HAPPIER HOLIDAYS FOR DIVORCED PARENTS AND THEIR CHILDREN — Planning ahead and staying positive can lead to happier holidays for divorced parents and their children, says Christy Buchanan, associate professor of psychology at Wake Forest. Work out holiday plans as far in advance as possible, so children and parents will know what to expect, suggests Buchanan, co-author of the book "Adolescents after Divorce." Be flexible and creative in coming up with new ideas and traditions, she says. Children of divorce often say they feel caught when they have to choose, she says. "Let children have input, if they want it, but don't put it all on their shoulders," she says. "Try not to be defensive if a child wants to spend time with the other parent." Parents who know they will spend a holiday away from their kids should try to do something positive for themselves, she says. "Don't be in a situation where you are home alone on Christmas Day because you didn't plan ahead," Buchanan says. "Make sure you've got something to do that will bring you some happiness. Plan a special trip. Plan to spend time with other friends or family." Showing respect and concern for an ex-spouse by at least refraining from doing/saying negative things is helpful for children of divorce any time, but can be particularly important during the holiday season.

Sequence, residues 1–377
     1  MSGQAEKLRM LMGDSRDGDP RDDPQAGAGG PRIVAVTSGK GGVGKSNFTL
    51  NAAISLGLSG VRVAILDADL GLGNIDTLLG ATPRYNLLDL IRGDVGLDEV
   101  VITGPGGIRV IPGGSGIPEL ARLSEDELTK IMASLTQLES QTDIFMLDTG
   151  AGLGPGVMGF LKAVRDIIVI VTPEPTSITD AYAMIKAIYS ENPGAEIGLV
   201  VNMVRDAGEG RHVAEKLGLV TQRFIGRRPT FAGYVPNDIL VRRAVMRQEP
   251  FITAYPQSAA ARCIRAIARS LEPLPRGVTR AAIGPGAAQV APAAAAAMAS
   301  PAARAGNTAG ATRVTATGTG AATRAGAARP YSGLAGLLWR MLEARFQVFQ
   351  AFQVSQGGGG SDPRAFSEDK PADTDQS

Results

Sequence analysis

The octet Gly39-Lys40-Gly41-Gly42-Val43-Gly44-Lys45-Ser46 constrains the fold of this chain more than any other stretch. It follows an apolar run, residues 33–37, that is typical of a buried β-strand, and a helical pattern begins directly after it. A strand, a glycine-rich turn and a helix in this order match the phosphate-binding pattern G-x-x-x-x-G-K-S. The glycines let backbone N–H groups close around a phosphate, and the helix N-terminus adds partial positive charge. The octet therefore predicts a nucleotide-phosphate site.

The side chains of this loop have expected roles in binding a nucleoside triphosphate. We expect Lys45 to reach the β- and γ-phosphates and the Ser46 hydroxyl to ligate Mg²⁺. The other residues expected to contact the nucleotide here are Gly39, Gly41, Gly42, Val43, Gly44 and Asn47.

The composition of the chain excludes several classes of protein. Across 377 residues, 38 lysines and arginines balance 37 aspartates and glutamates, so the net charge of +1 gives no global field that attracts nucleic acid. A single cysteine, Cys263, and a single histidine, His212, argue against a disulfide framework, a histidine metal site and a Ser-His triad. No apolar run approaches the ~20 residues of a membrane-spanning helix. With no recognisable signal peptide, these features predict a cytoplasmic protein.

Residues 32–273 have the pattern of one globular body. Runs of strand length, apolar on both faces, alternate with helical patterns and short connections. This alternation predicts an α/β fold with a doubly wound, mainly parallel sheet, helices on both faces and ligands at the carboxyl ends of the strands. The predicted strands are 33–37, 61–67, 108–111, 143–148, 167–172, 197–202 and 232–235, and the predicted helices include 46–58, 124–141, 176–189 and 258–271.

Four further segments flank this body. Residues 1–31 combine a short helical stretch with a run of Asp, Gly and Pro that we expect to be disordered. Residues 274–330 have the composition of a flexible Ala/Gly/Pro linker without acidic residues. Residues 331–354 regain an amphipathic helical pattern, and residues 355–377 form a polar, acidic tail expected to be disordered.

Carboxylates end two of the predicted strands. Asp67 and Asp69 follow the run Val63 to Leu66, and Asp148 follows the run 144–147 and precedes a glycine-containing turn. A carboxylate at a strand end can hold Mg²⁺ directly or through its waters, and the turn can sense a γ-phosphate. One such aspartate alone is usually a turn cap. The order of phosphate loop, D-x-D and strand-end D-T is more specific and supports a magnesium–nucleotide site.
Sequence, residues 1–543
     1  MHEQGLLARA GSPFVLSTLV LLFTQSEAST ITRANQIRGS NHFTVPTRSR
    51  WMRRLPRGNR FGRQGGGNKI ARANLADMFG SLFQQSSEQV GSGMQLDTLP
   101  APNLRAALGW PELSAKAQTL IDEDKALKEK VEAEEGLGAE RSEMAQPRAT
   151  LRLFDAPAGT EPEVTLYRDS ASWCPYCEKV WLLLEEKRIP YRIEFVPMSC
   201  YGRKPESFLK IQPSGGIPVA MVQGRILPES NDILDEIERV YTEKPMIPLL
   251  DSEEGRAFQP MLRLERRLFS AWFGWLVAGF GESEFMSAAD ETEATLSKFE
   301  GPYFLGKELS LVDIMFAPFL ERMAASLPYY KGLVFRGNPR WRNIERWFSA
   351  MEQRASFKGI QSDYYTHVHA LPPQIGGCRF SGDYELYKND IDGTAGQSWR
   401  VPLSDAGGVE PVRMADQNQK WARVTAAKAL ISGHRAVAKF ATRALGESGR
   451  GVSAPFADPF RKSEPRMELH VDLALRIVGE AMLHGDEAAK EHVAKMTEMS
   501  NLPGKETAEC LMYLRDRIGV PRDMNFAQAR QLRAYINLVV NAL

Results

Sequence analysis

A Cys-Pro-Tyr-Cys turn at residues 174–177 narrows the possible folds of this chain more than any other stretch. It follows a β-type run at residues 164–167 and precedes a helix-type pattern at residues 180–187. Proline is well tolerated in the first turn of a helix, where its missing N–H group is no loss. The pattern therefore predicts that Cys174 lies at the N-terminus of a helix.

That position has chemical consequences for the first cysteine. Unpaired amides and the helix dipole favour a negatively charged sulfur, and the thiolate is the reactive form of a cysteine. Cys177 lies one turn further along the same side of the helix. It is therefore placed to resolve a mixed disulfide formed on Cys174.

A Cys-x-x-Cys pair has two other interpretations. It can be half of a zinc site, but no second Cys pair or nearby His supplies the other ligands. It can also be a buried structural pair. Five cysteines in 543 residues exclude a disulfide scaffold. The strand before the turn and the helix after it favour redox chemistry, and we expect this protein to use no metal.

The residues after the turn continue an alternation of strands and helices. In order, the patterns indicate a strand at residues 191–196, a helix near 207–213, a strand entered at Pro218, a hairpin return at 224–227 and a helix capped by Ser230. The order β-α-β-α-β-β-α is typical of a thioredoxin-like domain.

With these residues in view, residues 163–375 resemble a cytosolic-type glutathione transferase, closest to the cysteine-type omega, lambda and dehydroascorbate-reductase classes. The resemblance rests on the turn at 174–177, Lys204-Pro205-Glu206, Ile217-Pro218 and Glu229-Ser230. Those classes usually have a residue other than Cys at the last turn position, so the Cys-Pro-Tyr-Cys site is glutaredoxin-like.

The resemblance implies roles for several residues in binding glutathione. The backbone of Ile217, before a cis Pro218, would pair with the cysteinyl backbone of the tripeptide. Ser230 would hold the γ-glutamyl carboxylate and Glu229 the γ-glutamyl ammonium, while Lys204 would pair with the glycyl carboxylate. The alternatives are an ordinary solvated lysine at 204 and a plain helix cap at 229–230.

Contact: Cheryl Walker, walkercv@wfu.edu or 336-758-5237.

    WHAT MAKES A HOT TOY, HOT? — Cabbage Patch Kids. Tickle Me Elmo. Furby. All three had parents lining up outside stores before the crack of dawn on Black Friday in years past, but were relatively unknown three months before they were introduced. What makes a toy become the "must have" gift of a particular holiday season? "It's a three-pronged phenomenon — the three P's of holiday hype," said Sheri Bridges, associate professor of marketing at Wake Forest. Bridges describes the three P's as follows: Promotion on the part of the manufacturers and retailers, peer pressure from other children who talk about what they want Santa to bring, and pestering parents to ensure that this year's "it" gift is under the tree on Christmas morning.